State seeks softer touch on court orders for kids

Incident involving first-grader sparks concerns, push for changes.

A case of a boy taken from his school started a heated debate.A case of a boy taken from his school started a heated debate. (Source: SME)

The video shows a boy from the primary school in Brehy, Banská Bystrica Region, screaming that he does not want to leave as a court employee removes him by force.

After activist Monika Kozelová posted it online, a discussion has emerged about how to best enforce such court orders in the future. 
“[The incident] finally showed what value a child has in the judicial and social system,” social advisor and former head of the labour office in Bratislava Ida Želinská told The Slovak Spectator. “They are only an object about whom the decision is made, whose voice is drowned out and whose representatives only stand by watching.”

Children’s rights advocates agree that the video revealed the flaws in the system, and politicians have taken note too.

Problematic enforcement

It is, however, not the first time something similar has occurred. The courts issued together 615 rulings in cases concerning taking minors from their custodians in 2015, but it is not clear how many of them have actually been carried out, the Sme daily reported.
Several politicians and experts in social custody confirm they know about other cases when a child was forcibly taken from their parents or families, without them knowing what is going on.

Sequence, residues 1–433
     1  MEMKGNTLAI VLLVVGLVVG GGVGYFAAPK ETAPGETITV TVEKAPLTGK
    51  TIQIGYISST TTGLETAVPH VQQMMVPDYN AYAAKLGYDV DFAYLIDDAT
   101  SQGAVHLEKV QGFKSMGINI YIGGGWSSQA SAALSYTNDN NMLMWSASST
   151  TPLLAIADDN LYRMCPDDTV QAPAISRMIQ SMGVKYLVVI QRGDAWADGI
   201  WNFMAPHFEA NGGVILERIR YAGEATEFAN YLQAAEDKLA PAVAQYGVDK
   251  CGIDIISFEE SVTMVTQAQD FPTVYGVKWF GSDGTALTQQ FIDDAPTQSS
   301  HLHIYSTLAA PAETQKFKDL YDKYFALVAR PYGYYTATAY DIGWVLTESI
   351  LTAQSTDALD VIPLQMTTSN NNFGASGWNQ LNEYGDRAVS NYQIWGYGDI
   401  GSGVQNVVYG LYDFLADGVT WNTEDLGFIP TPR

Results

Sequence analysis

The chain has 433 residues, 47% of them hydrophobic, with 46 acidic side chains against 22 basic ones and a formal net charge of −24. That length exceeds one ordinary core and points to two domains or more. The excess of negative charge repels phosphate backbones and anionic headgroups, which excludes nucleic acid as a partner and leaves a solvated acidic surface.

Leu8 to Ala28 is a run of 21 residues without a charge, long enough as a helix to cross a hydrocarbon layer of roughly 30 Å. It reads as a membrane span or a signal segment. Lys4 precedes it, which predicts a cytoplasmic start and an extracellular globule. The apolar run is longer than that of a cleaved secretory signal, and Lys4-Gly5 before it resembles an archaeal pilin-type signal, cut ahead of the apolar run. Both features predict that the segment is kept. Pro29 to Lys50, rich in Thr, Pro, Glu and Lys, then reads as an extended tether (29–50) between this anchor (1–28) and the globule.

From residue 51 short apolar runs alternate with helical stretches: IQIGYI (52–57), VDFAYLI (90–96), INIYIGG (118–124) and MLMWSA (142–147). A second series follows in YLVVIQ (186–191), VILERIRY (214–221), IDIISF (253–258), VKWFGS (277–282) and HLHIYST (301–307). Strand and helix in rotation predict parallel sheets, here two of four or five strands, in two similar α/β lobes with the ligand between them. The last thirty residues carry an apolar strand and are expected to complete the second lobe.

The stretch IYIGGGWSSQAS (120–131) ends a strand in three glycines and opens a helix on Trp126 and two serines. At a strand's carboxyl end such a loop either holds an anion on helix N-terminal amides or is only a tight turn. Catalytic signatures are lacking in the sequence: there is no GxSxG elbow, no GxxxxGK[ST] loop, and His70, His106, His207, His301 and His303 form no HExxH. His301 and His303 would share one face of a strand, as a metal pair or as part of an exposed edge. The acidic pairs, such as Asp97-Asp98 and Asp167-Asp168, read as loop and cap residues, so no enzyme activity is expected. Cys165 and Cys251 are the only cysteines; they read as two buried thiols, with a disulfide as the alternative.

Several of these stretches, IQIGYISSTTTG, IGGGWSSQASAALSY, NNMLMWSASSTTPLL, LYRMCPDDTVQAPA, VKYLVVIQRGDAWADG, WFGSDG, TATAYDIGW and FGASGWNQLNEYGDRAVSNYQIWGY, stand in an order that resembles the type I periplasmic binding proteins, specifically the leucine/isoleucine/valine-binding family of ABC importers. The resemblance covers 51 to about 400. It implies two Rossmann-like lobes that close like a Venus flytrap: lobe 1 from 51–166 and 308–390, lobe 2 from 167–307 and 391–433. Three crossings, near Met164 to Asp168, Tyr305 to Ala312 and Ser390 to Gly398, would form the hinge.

The case from Brehy pointed to the fact that the current rules are not very specific. They only offer general instructions on how to deal with the cases, said Ingrid Vrkočová, chair of the judicial trade unions and employee of the court in Piešťany.

“The employees who enforced the rulings have not been specially trained, even though the cases of minors are very sensitive and can have traumatic and stressful impacts on all participating parties,” Vrkočová told The Slovak Spectator.

Everybody should realise that the court enforced custody orders will never be ideal, even if the court employees will try to be as sensitive as possible. The child perceives the situation in a way that they are taken by someone strange, even if it is in their best interest, she added.

Moreover, the incident showed it is necessary for children to have their own lawyers, as well as to educate professionals about the legal protection of children’s rights, like their right to receive information about their situation, the right to express their opinion and to have their opinion respected, says Dana Rušinová, chair of the Coalition for Children and administrator of the Foundation for Children in Slovakia.

“This case also pointed to the important systemic aspect: the quality of preparation of professionals, their selection, motivation and evaluation,” Rušinová told The Slovak Spectator.

The rest of this article is premium content at Spectator.sk
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